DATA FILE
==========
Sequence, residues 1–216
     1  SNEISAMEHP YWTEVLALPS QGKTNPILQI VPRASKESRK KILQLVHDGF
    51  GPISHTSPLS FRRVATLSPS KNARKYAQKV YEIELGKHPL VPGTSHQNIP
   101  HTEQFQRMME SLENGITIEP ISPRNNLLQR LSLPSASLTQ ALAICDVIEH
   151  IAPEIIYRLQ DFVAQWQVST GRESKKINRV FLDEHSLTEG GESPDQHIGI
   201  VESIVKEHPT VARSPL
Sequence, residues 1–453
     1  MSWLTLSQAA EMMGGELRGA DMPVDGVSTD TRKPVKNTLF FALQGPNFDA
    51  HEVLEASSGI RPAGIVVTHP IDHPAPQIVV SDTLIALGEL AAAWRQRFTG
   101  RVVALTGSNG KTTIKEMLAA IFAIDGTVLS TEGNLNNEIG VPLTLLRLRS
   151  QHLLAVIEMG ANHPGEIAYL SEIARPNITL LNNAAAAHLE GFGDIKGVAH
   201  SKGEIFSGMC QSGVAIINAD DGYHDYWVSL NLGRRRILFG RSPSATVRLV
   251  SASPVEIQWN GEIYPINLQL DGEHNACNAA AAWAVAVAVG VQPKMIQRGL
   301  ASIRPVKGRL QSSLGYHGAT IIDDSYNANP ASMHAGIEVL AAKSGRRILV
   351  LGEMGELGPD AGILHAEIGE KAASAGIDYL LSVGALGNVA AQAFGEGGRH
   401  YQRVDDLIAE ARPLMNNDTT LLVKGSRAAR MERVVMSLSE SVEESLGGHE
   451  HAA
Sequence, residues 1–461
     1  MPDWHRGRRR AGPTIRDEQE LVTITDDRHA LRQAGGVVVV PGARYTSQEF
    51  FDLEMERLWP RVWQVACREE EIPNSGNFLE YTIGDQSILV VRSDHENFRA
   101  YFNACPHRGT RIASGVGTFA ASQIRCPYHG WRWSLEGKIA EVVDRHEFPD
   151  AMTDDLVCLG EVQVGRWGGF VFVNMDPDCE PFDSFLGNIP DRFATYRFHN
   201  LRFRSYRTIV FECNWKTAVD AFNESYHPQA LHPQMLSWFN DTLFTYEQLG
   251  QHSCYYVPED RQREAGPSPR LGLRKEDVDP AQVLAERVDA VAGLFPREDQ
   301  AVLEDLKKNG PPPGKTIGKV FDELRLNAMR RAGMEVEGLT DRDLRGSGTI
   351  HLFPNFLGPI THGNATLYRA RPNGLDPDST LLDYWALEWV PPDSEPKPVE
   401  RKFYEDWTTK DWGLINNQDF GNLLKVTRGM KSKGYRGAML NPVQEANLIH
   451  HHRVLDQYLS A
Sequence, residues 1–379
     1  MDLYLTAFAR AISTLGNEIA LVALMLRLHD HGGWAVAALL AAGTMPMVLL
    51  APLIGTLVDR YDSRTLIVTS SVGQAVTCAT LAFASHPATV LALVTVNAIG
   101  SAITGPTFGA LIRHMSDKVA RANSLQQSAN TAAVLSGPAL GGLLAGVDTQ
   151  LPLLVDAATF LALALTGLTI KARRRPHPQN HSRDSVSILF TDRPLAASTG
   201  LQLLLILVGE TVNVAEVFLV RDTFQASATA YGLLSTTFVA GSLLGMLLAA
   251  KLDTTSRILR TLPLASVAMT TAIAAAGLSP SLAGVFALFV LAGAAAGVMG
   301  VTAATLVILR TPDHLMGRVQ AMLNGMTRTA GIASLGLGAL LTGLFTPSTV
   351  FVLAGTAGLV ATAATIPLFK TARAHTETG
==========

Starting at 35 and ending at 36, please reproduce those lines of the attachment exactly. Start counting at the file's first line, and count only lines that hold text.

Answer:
   251  KLDTTSRILR TLPLASVAMT TAIAAAGLSP SLAGVFALFV LAGAAAGVMG
   301  VTAATLVILR TPDHLMGRVQ AMLNGMTRTA GIASLGLGAL LTGLFTPSTV